Reporting by PMOI/MEK
Iran, May 30, 2021—While Iranian state media repeatedly warn that declining economic conditions can have serious repercussions for the regime, protests over intolerable work and living conditions continue in different cities across the country.
On May 30, the state-run Aftab-e Yazd daily quoted several regime analysts who expressed concern that the candidates in the regime’s upcoming sham presidential elections are “out of touch with the people” and wrote, “It’s as if giving promises that can’t be fulfilled has become a ceremonious art of the elections. Sometimes, it appears that the officials who live in this society have no understanding of the conditions surrounding them.”
Aftab-e Yazd quoted another expert who said, “Our country has not developed in any dimensions, including social, political, economic, etc. The people can’t even properly express their problems and protest. Half of our society is facing poverty, and social problems are very expansive. During the elections season, issues are being raised that people don’t care about.”
Meanwhile, Sunday saw another round of protests by contract teachers working at so-called “non-profit” schools in front of the Majlis (parliament) in Tehran. Non-profit schools in Iran are run by very wealthy people, usually with links to regime officials, and get huge sums from students’ families. However, many of the teachers who are working at these schools are complaining about their most basic rights.
According to the protesting teachers, their salaries are often reduced to a third of the salary of official teachers, and they are deprived of job benefits, including insurance.
The protesters are demanding the Majlis to address the work conditions of thousands of contract teachers and force the education ministry to officially employ these teachers.
According to the protesters, most contract teachers have Bachelor’s and even Master’s degrees and have several years of experience of work, but they are currently in the worse employment conditions.
In tandem with the protest in Tehran, a group of contract teachers in Isfahan province held a protest rally in front of the offices of the education ministry and demanded official contracts and the resolution of the many problems they’re facing at work.
Also on Sunday, retired employees of the steel industry held protest rallies in several cities, including Tehran, Isfahan, Ahvaz, and West Alborz. The protesters are demanding a raise in their pensions and the adjustment of their salaries based on inflation and currency depreciation.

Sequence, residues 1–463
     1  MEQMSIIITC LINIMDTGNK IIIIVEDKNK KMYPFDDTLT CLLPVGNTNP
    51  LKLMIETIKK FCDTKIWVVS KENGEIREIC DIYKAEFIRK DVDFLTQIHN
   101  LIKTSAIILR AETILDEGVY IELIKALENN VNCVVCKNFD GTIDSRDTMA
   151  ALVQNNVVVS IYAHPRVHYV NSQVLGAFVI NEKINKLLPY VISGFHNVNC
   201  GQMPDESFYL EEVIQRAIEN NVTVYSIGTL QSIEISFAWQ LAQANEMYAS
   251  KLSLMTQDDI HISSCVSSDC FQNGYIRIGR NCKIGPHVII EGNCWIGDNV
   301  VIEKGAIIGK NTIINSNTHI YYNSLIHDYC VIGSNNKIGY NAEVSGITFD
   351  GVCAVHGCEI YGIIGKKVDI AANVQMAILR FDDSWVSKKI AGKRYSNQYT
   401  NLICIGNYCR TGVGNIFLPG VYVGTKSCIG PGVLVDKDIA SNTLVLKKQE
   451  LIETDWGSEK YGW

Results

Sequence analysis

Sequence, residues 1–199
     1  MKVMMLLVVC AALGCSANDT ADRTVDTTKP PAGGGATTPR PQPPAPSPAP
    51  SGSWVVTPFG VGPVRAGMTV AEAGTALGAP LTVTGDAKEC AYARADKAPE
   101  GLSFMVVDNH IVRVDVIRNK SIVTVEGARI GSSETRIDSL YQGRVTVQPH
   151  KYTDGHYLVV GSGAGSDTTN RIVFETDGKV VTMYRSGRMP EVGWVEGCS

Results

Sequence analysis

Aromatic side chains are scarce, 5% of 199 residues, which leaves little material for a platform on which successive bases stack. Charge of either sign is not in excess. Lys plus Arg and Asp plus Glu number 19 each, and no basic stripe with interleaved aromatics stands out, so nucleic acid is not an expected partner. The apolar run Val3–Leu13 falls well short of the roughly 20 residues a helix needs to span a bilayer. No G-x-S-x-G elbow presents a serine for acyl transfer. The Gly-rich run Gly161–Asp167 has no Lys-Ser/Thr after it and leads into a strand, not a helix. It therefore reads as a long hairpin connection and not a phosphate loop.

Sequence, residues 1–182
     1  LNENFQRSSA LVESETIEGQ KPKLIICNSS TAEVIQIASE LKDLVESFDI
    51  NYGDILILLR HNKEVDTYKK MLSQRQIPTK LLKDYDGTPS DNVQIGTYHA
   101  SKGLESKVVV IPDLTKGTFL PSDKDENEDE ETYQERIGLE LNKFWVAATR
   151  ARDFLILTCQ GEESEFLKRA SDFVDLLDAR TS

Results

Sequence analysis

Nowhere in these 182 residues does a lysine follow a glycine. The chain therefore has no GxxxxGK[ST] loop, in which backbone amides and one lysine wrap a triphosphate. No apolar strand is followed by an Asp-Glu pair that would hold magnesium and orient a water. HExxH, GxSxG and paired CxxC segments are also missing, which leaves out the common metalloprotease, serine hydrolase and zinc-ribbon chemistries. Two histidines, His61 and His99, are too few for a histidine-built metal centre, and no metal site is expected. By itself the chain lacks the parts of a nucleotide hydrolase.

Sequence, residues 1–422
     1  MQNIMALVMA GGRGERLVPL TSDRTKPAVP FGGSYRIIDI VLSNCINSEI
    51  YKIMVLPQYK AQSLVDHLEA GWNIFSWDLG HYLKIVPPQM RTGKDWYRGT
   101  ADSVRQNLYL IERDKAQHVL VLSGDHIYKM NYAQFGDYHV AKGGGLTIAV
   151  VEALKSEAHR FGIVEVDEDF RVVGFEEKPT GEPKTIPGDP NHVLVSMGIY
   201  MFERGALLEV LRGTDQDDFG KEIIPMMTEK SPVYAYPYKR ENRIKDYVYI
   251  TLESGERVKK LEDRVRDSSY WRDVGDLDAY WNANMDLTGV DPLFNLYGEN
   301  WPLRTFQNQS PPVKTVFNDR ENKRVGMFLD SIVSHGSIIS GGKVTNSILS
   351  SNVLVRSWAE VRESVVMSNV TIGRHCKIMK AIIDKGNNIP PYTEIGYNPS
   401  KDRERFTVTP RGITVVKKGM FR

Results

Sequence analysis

On Saturday, a group of farmers in Ahvaz, Khuzestan province, held a protest rally at the Salman water canal and prevented the agents of the Water and Electricity Organization from closing the canal. This canal provides potable and irrigation water to at least 30 villages in the area. Closing the canal will make a difficult life even harder for the people living in these villages.
On the same day, a group of rice farmers in Khuzestan held a protest rally in front of the provincial governorate office. The farmers are protesting their lack of access to irrigation water, caused by government mismanagement in the region.
The government has banned these farmers from planting rice for the season. According to the farmers, each acre of farmable land creates five jobs. By depriving these farmers from access to water, the government is condemning thousands of people to unemployment and destroying the only means these people have to earn their keep.
The unjustified creation of dams on the Karun river in the region is the main reason the farmers are facing water shortages.
Khuzestan is one of several provinces that are faced with water shortages due to government policies. The farmers of Isfahan province are also constantly struggling with water shortages and are regularly protesting government policies in this regard.
On Sunday, the Arman newspaper published a column in this regard and wrote, “This is a struggle that, according to some, is rooted in the inefficiency of government officials in managing water sources and has resulted in the destruction of the lives of many citizens who rely on these water sources to make a living.”
On Saturday, the personnel of the Khomeini hospital in Karaj held a protest rally in front of the hospital. The workers, who have been regularly protesting in the past weeks, are complaining from very difficult living conditions. They are demanding the payment of delayed wages, insurance premiums, and job security. It is not clear who the future owner of the hospital will be, a fact that the workers of the hospital are worried about.